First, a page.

In 2007, Red Bull was fined by the Environment Agency of the U.K. for violations of packaging and recycling policies, namely, neglecting to register with the Environment Agency as a producer of packaging waste and failure to meet recycling standards.
This depends on what you mean by “Red Bull”. If you are talking about just the drink itself, then no, not particularly. The ingredients are generally vitamins and minerals found in nature or that our body would produce, such as Caffeine, B-Vitamins and the taurine. If you are talking about everything that goes into the production, including manufacturing of the product from raw materials to delivery of the product to the stores, then there would be a considerable environmental impact. The answer above gives you an idea into the company’s policies and concern for the environment. Additionally, I would like to pose that likely the most environmentally unfriendly aspect of Red Bull is their sponsorship of the Red Bull Air Races. These races would use gallons of fuel during each show and produce particulate matter that would contribute to global warming. I could not find any information regarding offsets or green initiatives for Red Bull.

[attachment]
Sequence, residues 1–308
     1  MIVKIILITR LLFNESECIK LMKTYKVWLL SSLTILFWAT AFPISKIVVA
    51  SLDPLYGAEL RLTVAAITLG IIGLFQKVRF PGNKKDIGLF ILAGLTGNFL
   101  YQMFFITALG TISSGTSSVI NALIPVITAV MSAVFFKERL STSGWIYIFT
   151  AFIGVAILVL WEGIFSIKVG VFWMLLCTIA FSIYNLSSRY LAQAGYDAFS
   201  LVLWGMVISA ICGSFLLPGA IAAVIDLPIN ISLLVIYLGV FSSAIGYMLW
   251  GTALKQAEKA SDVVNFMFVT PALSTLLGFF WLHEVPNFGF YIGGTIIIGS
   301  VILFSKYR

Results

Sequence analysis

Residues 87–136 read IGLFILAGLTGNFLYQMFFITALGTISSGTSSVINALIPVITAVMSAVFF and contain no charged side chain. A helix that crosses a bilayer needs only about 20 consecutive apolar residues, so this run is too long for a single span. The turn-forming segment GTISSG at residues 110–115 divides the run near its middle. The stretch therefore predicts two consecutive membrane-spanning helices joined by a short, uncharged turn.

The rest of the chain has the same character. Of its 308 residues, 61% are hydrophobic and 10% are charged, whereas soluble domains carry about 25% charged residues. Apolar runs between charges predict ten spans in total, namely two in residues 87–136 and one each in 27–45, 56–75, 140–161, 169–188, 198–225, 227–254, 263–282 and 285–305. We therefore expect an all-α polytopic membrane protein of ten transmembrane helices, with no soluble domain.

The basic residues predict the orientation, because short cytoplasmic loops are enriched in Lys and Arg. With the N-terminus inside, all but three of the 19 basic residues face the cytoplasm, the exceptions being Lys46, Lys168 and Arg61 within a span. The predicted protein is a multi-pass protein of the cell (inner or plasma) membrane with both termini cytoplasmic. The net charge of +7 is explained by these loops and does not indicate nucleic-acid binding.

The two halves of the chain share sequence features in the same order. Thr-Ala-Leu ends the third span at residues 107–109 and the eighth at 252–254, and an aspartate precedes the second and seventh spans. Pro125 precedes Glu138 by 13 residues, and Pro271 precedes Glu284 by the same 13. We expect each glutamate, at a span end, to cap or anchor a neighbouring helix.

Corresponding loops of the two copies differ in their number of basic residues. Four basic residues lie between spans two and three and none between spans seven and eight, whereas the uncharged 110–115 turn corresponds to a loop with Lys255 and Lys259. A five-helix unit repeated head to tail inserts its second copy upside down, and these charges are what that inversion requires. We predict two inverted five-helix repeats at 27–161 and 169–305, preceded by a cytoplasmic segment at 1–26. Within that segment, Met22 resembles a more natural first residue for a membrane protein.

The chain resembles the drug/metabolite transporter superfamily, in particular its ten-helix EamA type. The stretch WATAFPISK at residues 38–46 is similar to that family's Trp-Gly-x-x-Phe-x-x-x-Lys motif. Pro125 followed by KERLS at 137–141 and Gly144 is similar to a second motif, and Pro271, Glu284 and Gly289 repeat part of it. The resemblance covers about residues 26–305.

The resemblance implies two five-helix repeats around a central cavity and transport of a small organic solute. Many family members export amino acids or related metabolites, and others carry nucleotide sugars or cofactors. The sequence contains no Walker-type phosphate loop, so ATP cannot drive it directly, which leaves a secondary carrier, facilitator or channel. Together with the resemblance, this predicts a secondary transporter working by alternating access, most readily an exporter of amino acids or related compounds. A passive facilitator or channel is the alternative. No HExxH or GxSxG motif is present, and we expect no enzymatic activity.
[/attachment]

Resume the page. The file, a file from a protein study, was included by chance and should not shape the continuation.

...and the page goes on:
As of 2008, Red Bull had been working with ClimateCHECK, a consulting firm that helps companies manage their emissions, to reduce the greenhouse gases they released. The goal was to measure the GHG emissions from all U.S. operations. Air travel was also being taken into consideration since Red Bull is an international company that requires employees on a corporate level to travel.
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